As we close in on the end of the year, with the market still rallying so fiercely, I’ve begun to think about risk management a little bit more — I’ve been using the stellar performance of many of my options speculations this year to take profits and “let out the steam.” As I see it, profiting around the edges lets me lower the “pressure to sell” building in my head, and helps me avoid selling a lot of great stocks just because the valuation is stressing me out. That has surely been helpful, but I’m going a little bit beyond that now by increasing my stop loss limits on some more speculative names.
My temptation, as I’ve noted a few times in recent months, has long been to shave off some profits from some of my best and fastest-growing positions, like Par Technology (PAR), Roku (ROKU) or The Trade Desk (TTD)… but I’m also trying to resist that, since investors still seem delighted to press these shares higher still, and am instead just putting in place some tighter stop loss trigger prices — and in those few cases, actually entering small stop loss orders into my brokerage accounts to take those kinds of partial profits with some of my larger positions if they begin to lose their momentum. Why just put in a little stop loss order instead of trying to pick the top and just selling a little here? Mostly because, I remind myself, I had very similar feelings about some of these kinds of stocks a year ago, when they were also at all-time high valuations, and in some cases those stocks have risen 200-300% or more since.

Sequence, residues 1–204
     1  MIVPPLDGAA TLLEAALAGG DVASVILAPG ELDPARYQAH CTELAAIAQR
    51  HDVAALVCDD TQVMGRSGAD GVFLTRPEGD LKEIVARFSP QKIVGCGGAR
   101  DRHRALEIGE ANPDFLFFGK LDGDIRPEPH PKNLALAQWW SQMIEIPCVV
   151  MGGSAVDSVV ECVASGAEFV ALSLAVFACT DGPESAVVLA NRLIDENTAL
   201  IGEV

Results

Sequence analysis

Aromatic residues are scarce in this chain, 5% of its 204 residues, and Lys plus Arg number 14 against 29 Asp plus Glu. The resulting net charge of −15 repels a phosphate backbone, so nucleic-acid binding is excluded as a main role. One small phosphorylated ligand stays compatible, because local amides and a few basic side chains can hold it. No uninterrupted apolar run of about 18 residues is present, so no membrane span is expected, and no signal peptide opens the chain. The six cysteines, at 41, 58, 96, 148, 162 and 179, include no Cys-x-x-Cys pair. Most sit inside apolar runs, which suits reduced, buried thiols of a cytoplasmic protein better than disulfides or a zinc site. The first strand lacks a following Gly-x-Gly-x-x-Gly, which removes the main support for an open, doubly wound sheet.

I’m not worried about big losses with my smaller speculative positions — Unity Software (U) is a nutty one, for example, but it’s a long-term “platform” idea and a small amount of the portfolio, even after it doubled in a couple months, so I’m not tightening up the stop on that. If it falls 50%, it won’t have a big impact on the portfolio — I’ll still re-evaluate those smaller positions if they hit my stop loss levels, and will continue to watch to see if I expect their future to be as rosy as I was hoping when I first bought the shares, but I won’t keep them on a short leash.